Follow TV Tropes

Following

Video Game / Starlink: Battle for Atlas

Go To

https://static.tvtropes.org/pmwiki/pub/images/starlink_battle_for_atlas.jpg
Advertisement:

After encountering an alien who crash-landed on Earth, astrophysicist Victor St. Grand befriended the creature and put together a secret task-force called the "Starlink Initiative" to explore the Atlas star system from which the alien originated. One day, while the group was searching for new information about the Wardens, they are attacked by a group called the Forgotten Legion, and St. Grand is kidnapped for his knowledge of the ancient race's technology. It is now up to your crew to not only save the captain, but also stop the Legion from uncovering the ancient civilization's lost technology and using it to conquer the galaxy.

Announced during E3 2017, Starlink: Battle for Atlas is a third-person action adventure game developed by Ubisoft Toronto for the Nintendo Switch, Playstation 4, and Xbox One and released on October 16, 2018. The game allows the player to freely customize various aspects of their ships for land and space combat, as well as make use of different pilots for special effects such as slowing down time. Players can also seamlessly travel across the star system, visiting its various planets and making alliances with other alien races. Starlink features an optional "Toys to Life" component, with ship parts being available for purchase as either physical real-world figures or digital in-game items, with the former allowing for instantaneous swapping of ship parts during gameplay.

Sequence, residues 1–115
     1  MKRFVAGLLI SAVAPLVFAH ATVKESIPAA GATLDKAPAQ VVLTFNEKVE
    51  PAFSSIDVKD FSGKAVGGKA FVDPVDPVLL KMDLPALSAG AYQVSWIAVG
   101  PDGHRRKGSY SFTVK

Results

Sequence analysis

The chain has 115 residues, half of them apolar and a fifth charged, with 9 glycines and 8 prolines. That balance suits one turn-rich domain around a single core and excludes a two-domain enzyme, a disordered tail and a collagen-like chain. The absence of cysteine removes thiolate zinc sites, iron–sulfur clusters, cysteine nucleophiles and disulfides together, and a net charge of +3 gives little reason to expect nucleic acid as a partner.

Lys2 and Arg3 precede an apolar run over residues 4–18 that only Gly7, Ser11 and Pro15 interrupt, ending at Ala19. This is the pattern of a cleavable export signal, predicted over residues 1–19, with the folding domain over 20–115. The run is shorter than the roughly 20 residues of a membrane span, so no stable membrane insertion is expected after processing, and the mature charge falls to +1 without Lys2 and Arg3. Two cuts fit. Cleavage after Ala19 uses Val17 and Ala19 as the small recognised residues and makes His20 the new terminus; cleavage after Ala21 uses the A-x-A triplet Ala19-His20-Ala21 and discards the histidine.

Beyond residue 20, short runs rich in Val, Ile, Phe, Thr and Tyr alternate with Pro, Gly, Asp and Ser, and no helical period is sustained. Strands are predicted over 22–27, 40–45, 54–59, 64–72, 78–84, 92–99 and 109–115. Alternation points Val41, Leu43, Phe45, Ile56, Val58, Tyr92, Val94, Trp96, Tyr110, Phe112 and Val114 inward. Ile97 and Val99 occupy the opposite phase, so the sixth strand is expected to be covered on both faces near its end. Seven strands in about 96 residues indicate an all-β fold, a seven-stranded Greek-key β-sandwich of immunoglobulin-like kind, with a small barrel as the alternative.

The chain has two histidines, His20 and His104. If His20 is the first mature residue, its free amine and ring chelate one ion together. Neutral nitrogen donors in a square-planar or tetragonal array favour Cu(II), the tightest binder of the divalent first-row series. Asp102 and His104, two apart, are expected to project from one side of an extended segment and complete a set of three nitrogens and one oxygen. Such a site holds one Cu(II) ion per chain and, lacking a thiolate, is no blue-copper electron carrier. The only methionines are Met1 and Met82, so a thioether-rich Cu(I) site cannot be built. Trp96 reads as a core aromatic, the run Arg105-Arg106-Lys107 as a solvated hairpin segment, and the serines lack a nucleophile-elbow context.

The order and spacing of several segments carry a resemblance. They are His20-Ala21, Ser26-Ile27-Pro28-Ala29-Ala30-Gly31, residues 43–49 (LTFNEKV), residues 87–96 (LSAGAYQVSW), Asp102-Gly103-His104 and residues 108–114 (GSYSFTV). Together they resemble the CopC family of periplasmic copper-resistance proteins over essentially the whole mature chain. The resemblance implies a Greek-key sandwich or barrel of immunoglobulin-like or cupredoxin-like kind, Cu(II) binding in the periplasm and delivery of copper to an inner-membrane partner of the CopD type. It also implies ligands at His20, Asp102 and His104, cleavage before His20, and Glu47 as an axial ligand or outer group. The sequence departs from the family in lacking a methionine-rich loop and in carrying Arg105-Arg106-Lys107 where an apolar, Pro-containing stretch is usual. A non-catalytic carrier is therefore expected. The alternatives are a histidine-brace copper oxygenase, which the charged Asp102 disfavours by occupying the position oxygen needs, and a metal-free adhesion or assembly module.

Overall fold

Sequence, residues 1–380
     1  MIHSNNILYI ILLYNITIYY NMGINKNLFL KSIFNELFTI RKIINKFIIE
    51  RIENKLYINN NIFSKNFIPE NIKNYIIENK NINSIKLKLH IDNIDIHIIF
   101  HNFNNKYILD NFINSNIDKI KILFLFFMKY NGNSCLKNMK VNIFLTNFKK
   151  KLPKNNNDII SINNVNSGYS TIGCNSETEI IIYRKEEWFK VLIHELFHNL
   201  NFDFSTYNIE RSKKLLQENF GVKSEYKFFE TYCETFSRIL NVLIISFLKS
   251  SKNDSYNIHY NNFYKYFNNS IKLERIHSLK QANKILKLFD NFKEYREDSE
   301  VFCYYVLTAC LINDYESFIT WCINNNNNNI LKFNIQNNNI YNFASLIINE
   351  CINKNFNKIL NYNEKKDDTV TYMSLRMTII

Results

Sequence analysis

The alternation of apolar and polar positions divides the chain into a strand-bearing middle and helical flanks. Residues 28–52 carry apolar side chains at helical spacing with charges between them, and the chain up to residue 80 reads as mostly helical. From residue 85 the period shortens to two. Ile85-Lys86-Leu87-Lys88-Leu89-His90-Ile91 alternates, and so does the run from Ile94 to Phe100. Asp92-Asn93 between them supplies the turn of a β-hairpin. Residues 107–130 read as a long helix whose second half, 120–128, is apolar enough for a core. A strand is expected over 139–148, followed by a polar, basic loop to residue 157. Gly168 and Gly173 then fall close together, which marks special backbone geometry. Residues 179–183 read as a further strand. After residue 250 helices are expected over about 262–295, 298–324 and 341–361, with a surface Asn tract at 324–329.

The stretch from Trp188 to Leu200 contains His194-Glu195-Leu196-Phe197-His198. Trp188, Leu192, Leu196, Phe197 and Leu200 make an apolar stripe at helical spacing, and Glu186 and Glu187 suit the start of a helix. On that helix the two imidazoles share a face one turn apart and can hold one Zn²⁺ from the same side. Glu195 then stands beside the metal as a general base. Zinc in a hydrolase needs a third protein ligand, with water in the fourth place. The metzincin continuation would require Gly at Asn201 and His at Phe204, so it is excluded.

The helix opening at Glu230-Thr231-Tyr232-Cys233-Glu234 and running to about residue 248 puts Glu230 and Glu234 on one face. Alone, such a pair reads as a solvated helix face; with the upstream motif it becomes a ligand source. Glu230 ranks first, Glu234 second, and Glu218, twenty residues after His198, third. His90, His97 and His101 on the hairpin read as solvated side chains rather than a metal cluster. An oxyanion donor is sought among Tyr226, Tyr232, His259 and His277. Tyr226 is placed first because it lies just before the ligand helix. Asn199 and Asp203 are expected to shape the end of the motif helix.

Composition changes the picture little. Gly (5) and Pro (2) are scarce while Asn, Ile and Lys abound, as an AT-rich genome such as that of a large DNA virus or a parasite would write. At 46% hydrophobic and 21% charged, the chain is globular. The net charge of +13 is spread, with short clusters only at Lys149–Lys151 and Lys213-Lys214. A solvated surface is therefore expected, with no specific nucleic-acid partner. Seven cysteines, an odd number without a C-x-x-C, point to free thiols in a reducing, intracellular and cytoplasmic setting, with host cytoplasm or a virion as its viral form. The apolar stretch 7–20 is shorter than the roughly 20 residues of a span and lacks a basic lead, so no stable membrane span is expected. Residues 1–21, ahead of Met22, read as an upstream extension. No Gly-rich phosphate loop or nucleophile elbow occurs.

Advertisement:

The game is notable for the Nintendo Switch version doubling as a crossover with Nintendo's Star Fox, wherein Fox McCloud and company are in Atlas searching for the whereabouts of Wolf O'Donnell before deciding to help the Starlink Initiative on their quest as well. This version of the game has Fox as a playable character with his own exclusive set of missions regarding the hunt for Wolf. On Spring 2019, the version will get another update, now allowing the player to use Falco, Slippy, and Peppy as available pilots, with an all new scenario involving the other members of Star Wolf: Leon, Andrew, and Pigma.

You can watch the 2017 E3 reveal trailer here, the 2018 E3 gameplay trailer here, and the Star Fox reveal trailer here.


Advertisement:

Tropes

  • Abusive Precursors: The Forgotten Legion seems to be. Subverted, they're old, but they're just rogue army droids made by the Benevolent Precursors.
  • Adaptational Badass: Fox's crew go from dubiously useful allies and color commentators to killing machines that can take down scores of enemies once sufficiently upgraded.
  • Adaptational Villainy: Downplayed with Wolf: while he was never a heroic character, the Star Fox franchise usually depicts Wolf as being, at worst, a hired gun or an independent Space Pirate with a personal code of honor. Here, he’s an aspiring Galactic Conqueror who seeks to harness the Forgotten Legion’s technology and destroy Corneria.
  • Airstrike Impossible: After destroying a Dreadnought's turrets, laser arrays, and missile bay, the next step is to fly into the Dreadnought itself, dodging defensive laser barriers along the way, and then blow up the reactor to finish the ship off.